New proposals could give dismal pension numbers a big boost

Laura du Preez | 15 October 2021

Laura du Preez has been writing about personal finance topics for more than 20 years, including eight years as personal finance editor for two leading media houses.

Failing to preserve your retirement savings when you change jobs is the single biggest reason why people retire with too little money.  Proposals put forward by National Treasury could, however, boost South African’s pensions by two to three times.

This is the conclusion arrived at by actuaries who have crunched the numbers, or modelled the effect, of National Treasury’s proposals to force retirement fund members to preserve at least two thirds of their savings at all times. 

The draft proposals have yet to be released, but it is expected that what is dubbed as a “two-bucket” retirement savings system, will result in a small percentage of what you contribute being used for one “bucket” that you can access as emergency savings.

The remaining larger portion of your contribution – anything from 75% to 90% - would be untouchable until retirement.

The proposals are seen as a smart move not only by the Actuarial Society of South Africa’s Retirement Matters Committee, but also by the country’s largest retirement fund administrator.

Alexander Forbes this week presented its Member Insights research on the 1 million members whose retirement money it administers.

Failing to preserve the biggest problem

John Anderson, the executive for investments, products and enablement, says the findings show that a lack of preservation is the single biggest factor leading to poor pensions at retirement.

In addition, Alexander Forbes found that while some members have financial problems and there was an increase in the number of members who defaulted on repaying their debts last year, financial pressure was not the main reason why members failed to preserve.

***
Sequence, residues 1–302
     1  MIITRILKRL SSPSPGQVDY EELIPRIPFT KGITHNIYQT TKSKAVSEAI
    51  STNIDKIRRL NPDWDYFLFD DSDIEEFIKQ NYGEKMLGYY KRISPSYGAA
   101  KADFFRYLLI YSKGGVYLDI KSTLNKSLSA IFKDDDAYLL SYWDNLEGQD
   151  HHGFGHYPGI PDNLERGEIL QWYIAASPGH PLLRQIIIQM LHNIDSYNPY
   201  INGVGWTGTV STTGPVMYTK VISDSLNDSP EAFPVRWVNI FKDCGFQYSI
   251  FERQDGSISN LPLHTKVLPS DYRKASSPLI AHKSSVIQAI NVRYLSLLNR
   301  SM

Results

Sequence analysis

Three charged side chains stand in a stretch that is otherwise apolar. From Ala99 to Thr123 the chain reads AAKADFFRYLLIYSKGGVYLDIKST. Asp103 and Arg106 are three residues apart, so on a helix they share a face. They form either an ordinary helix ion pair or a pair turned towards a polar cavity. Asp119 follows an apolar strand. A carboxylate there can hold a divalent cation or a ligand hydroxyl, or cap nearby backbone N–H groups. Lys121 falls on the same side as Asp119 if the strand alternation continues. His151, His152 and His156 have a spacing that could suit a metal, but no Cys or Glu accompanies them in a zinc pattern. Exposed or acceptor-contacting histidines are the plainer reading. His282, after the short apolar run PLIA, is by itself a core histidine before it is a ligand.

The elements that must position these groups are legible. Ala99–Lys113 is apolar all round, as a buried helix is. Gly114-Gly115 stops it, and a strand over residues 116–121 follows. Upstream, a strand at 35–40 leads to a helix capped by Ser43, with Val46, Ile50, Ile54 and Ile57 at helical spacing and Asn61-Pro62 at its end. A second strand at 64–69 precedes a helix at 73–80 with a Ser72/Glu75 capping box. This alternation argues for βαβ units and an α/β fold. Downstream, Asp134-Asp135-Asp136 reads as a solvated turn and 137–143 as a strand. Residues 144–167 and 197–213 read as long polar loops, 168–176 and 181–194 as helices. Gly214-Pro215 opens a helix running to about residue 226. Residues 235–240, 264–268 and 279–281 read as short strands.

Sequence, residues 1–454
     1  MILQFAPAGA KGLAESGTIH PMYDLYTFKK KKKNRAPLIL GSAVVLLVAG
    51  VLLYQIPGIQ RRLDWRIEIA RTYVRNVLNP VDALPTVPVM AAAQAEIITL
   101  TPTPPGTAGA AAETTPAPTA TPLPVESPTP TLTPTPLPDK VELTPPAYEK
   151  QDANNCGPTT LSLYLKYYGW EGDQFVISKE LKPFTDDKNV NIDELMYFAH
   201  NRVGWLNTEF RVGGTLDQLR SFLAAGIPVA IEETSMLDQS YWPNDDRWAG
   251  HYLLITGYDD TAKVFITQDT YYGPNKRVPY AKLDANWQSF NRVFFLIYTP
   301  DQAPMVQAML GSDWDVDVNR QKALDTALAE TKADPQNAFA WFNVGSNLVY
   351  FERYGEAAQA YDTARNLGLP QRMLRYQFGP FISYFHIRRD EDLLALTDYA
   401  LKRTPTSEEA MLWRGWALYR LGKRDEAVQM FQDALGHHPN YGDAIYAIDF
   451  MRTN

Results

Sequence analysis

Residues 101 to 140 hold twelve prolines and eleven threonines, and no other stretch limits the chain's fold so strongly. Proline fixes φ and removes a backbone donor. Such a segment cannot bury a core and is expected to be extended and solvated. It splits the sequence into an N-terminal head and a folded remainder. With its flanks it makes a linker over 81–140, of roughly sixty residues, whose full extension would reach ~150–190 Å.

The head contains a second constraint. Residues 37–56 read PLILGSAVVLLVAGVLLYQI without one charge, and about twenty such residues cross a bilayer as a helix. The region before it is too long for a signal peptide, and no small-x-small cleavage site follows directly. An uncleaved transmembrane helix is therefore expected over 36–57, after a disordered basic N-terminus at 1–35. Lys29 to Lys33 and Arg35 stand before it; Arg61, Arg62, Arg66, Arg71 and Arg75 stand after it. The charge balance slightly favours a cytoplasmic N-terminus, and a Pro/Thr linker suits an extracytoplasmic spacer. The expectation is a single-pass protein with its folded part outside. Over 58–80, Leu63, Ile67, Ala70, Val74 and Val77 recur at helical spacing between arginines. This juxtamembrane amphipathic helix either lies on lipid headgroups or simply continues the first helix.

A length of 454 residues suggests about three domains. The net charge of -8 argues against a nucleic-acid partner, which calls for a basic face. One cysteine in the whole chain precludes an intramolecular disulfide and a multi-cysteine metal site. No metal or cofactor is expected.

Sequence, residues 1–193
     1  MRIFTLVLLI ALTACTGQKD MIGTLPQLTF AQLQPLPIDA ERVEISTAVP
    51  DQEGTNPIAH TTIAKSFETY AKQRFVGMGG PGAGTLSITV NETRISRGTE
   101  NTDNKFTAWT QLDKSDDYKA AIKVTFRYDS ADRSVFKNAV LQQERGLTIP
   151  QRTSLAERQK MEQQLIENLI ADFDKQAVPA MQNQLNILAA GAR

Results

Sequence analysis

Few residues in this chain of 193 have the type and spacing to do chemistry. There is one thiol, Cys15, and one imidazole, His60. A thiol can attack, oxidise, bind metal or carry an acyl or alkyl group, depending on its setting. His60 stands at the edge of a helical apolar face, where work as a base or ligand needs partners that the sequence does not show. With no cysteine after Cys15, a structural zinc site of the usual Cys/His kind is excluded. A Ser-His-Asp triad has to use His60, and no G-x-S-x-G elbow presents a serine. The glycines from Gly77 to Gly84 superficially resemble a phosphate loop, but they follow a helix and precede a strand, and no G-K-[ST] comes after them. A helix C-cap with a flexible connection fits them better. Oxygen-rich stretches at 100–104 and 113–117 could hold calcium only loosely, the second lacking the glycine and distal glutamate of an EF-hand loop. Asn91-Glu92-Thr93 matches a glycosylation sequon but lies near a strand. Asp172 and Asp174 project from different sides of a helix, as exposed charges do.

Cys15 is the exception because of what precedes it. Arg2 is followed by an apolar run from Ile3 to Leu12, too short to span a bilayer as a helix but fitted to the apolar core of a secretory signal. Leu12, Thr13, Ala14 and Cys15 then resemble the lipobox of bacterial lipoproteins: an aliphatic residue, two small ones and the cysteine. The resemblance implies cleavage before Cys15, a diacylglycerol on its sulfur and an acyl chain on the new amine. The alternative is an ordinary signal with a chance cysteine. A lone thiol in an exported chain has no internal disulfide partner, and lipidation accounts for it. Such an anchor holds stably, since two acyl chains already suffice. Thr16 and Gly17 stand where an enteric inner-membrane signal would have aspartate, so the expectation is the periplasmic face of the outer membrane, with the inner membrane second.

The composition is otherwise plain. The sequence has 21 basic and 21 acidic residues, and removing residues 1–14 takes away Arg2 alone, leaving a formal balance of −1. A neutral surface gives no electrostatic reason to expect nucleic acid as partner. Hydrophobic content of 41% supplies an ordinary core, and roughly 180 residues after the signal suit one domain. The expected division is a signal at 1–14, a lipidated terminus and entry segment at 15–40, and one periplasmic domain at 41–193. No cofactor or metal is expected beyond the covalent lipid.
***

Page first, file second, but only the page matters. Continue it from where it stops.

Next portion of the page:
Anderson says it seems a lack of understanding, apathy or the administration involved in preserving retirement money is the main reason.

Some of this has been addressed by the introduction of regulations obliging your retirement fund to preserve your savings in the fund by default when you leave an employer. If you want to take the cash, you can, but you have to request it and receive counselling about the impact.

Two to three times more pension

However, the latest proposals by National Treasury forcing you to preserve could have a significant effect and increase the pensions members can afford to buy at retirement by two to 2.5 times, Alexander Forbes’s modelling shows.

Retirement funds are typically designed to deliver pensions of between 60 and 75% of your final salary if you save for long enough.

If current members continue to add to their savings as they are currently in funds administered by Alexander Forbes, they are expected to retire with around 40% of their final salaries. However, because many fail to preserve, retirees are actually only achieving pensions of around 28% to 31% of their final salaries, the administrator’s member data reveals.

Being forced to preserve two-thirds of your savings at all times could increase members’ pensions to 60% of their final salary – much closer to the ideal 75% of final salary that those who save for long enough and preserve all their savings can achieve.

The Actuarial Society’s modelling also suggests that forcing you to preserve the bulk of your retirement savings could result in a significantly higher monthly retirement income for pensioners, whose retirement savings would benefit from the power of compounding. It's modelling suggests pensions could triple.

Natasha Huggett-Henchie, a member of the society’s Retirement Matters Committee and the principal consulting actuary at NMG Consultants and Actuaries, says an analysis of fund administrator data shows that more than 80% of retirement fund members cash in their retirement benefits when changing jobs rather than preserving.